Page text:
For our homework this month, we were instructed to make a list of our likes and dislikes, attachments and aversions. The purpose of this exercise isn’t to see if we like ice cream or whatever – we’re intended to look critically at ourselves, at the attachments and aversions that hold us back in our spiritual practice. Attachment and aversion are actually two of the kleshas, or obstacles to achieving enlightenment; when one is focused on enjoying pleasant experiences or avoiding unpleasant ones, then that person won’t be focused on meditation. Pleasant things come and go, and so do unpleasant things, but the true Self remains unchanging and unaffected by momentary events. Plus, even if you’re not worried about spirituality, it’s a good idea to examine your attachments and aversions: what’s really so great about this? what bothers me so much about that? The answers could be surprising!
Here’s my list of attachments, with some commentary about each one.
I’m not sure if this falls under the category of “attachment” or “addiction”, but it seemed right to list it here. I used to have a much bigger issue with sweets – I could eat a whole bag of mini candy bars or an entire package of cookies (or, heck, raw cookie dough) in one sitting, just while watching TV or studying. I’ve worked hard to become more conscious of this and control it better. I purposely choose dark chocolates and try to avoid more processed sweets; I cut back on the sugar when I bake; I don’t keep many sweets in the house or at my desk at work; I’ll pack just four chocolates in my lunch and then space them out over the whole afternoon. Still, I find myself needing those little chocolates to get through the day, and when I don’t pack any I’ll sometimes have to make a candy run just to get by.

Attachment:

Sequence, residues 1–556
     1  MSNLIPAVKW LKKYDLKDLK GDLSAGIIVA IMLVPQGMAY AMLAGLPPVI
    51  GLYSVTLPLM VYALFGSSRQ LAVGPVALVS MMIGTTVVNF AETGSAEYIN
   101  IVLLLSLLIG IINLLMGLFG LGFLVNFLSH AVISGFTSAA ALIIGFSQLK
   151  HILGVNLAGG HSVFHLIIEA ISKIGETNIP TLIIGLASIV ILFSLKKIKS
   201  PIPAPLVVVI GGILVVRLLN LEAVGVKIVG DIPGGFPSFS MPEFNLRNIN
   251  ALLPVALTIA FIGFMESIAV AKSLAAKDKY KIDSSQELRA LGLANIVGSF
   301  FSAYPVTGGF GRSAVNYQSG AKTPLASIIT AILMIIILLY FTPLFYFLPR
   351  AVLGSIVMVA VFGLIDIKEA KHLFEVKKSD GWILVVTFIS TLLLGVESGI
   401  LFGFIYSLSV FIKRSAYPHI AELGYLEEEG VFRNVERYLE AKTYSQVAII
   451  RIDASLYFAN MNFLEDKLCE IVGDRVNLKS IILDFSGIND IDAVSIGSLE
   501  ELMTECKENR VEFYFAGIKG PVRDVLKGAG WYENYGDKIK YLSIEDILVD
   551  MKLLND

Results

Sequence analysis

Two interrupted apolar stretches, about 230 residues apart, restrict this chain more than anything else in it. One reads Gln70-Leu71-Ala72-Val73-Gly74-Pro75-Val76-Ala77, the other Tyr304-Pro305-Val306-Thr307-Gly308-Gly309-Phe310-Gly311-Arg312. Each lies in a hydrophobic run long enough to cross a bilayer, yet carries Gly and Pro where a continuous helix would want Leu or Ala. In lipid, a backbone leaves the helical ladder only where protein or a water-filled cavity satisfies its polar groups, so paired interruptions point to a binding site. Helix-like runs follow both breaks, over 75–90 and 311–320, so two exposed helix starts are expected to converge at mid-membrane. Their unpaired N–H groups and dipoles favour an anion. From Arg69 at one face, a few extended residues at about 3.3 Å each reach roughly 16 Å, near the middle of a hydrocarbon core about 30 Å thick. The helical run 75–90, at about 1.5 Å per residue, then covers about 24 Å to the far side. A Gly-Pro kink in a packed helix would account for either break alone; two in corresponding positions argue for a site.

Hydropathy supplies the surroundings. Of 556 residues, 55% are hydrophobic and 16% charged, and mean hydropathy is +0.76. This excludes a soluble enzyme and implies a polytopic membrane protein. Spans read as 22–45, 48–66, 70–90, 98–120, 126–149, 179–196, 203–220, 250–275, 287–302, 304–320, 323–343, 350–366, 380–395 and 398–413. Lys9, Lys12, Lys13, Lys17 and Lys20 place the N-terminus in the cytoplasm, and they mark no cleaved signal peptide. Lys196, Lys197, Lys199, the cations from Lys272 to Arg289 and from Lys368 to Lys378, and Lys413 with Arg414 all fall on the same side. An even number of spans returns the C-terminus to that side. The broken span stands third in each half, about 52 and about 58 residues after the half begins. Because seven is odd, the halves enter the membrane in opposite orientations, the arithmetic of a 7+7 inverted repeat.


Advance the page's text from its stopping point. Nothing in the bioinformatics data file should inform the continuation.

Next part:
My husband, F
This is probably my biggest attachment. When we were first dating, F and I spent two years long distance, and I was constantly afraid that something would happen to keep us apart; now we’ve lived together for almost three years, but I still sometimes get that feeling, that our life together is somehow too good to be true and can’t last. Losing him is my worst fear.
When I was in grad school I was broke. I worked three jobs and my parents put money into my bank account every month. I had a roommate and an affordable apartment, and I lived cheaply, keeping careful track of every penny, but I still couldn’t afford many things. I would patch my jeans repeatedly because I couldn’t afford new pants, and a hot date out was a milkshake from Burger King. Now that I’m older, I have a lot more expenses (mortgage, house bills, car payments), but I also make a lot more money than I ever did before, and so I have a lot more financial freedom to buy clothes, shoes, organic food at the grocery store, and nice dinners out. I know it shouldn’t matter but I feel really averse to losing these things. I remember how it felt when I couldn’t buy pants – pants! Kind of necessary! And I don’t want to go back to that. I’m definitely more loose in my spending than I could be, but part of me feels like the reward of getting to where I am should be that I don’t have to count my pennies anymore. On the other hand, although I do give to charity, and pretty generously, I always feel like I should be doing more, that I’m selfish with my money. The other issue with this attachment to a comfortable lifestyle is that it means I need to stay in my current job – for financial reasons, I don’t feel I can leave my job unless I find another job that will pay me comparably. But more on worklife when we get to aversions.